Softbank poured the jet fuel of capital on Oyo's twist on hotel franchising. It has doubled its room count to more than 100,000 in India in two years, and just this year went from zero to 50,000 rooms in China. Wow.
Oyo Hotels, an Indian startup for booking reliable rooms in the country’s chaotic lodging market, is raising $1 billion to fund expansion into China and other global regions.
Existing investors including SoftBank Vision Fund, Sequoia Capital and Lightspeed Venture Partners have put in $800 million, with commitments for another $200 million, the company said on Tuesday. About $600 million of the total will be plowed into China where Oyo began operations only 10 months ago. The funding values the startup at $5 billion, according to a person familiar with the matter who asked not to be identified because the matter is private.
Ritesh Agarwal, a 24-year-old college dropout, founded Oyo five years after traveling around India on a shoestring budget. He discovered wildly unpredictable standards for hotels and guest houses, and decided to start an online service to bring more reliability to the travel experience. In the past two years, Oyo has expanded beyond India into China, Malaysia, Nepal and Britain.
“With this additional funding, we plan to rapidly scale our business in these countries, while continuing to invest further in technology and talent,” Agarwal said in the statement. “We will also deploy fresh capital to take our unique model that enables small hotel owners to create quality living spaces, global.”
His startup, whose official name is Oravel Stays Pvt, signs on hotel owners and then gets them to upgrade everything from linen, toiletries and bathroom fittings to its specifications. It also equips hotels with staff training and standardized supplies.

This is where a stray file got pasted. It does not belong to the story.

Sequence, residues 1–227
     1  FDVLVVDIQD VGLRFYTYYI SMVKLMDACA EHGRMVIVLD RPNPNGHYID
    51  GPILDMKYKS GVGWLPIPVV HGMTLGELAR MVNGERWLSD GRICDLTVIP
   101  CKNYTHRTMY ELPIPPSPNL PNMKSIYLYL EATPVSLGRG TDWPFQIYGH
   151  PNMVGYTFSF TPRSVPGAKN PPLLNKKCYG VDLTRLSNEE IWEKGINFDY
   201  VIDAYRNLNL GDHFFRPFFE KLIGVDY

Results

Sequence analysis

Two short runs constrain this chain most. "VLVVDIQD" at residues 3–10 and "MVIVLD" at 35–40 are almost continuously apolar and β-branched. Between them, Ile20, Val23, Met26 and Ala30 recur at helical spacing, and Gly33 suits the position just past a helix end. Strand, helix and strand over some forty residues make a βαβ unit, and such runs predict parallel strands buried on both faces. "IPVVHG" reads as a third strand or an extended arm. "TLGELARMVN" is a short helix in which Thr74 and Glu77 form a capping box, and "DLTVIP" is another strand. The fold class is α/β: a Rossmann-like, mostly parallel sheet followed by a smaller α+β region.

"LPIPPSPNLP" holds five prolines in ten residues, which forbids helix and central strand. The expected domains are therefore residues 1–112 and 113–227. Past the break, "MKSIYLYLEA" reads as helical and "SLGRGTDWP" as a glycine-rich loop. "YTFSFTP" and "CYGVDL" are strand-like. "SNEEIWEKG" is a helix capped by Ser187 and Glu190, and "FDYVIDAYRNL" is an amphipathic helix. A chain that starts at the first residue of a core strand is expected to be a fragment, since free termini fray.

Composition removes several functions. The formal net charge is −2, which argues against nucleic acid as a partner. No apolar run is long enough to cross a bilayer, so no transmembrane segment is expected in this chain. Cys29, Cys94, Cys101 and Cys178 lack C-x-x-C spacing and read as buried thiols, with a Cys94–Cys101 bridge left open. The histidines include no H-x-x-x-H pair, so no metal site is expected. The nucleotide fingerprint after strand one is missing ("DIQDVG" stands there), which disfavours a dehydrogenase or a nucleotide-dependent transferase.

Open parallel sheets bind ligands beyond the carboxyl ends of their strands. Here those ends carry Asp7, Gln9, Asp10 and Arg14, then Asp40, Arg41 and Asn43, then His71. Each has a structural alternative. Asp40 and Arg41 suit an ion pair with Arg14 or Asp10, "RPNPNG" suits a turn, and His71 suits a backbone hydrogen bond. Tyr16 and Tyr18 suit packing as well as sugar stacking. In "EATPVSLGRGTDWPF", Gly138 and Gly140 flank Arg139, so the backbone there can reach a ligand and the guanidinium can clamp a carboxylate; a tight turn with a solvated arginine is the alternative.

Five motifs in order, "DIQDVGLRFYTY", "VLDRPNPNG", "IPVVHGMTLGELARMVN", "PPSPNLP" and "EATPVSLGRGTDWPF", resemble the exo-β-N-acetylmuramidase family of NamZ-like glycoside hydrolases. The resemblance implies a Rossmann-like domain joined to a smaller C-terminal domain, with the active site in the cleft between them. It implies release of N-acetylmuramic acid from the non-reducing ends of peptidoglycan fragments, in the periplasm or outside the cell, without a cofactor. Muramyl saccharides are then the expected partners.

It then brings them on board its hotel website, where rooms start at $25 per night. Hotel owners pay Oyo a 25 percent commission.
“Budget travelers are consistently shortchanged by the lack of trust, quality, and consistency,” said Bejul Somaia, managing director of Lightspeed India, explaining that Oyo can change that dynamic.
At a $5 billion valuation, Oyo would be India’s most-valuable startup after One97 Communications, the parent of digital payments pioneer Paytm. Flipkart Online Services Pvt had been the most valuable startup in the country, but the online retailer has been acquired by U.S. retail giant Walmart Inc. earlier this year.
India’s hotel industry includes large chains with dependable hospitality experiences at the mid to top end. But the business also includes thousands of unbranded, ramshackle hotels and lodges with broken beds, yellowing linen and stinking bathrooms. Oyo is trying to make hotels easier to find through its site and more predictable as well.
Its criteria are exacting — from the thickness of the mattress to the placement of the light switches to the size of the showerhead in the bathroom. Agarwal has said that he wants the Oyo brand to convey a superior experience.
Oyo began with one hotel in Gurgaon and has grown to 125,000 rooms in India, where it says it’s tripling year-over-year in terms of transactions. In China, where it began operations last November, it has expanded to 171 cities with 87,000 rooms. It is now in over 350 cities with 211,000 rooms.
The Flipkart acquisition was seen in India as an example of the country’s growing success in building valuable startups. Walmart acquired 77 percent of the business for $16 billion as the U.S. retailer seeks to compete with Amazon.com Inc. in the country.
©2018 Bloomberg L.P.
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Photo credit: Ritesh Agarwal, the 24-year old CEO and founder of Oyo Rooms, has had a storied career worthy of a Bollywood or Hollywood film. He's shown here in Bengaluru, India, in September 2018. Samyukta Lakshmi / Bloomberg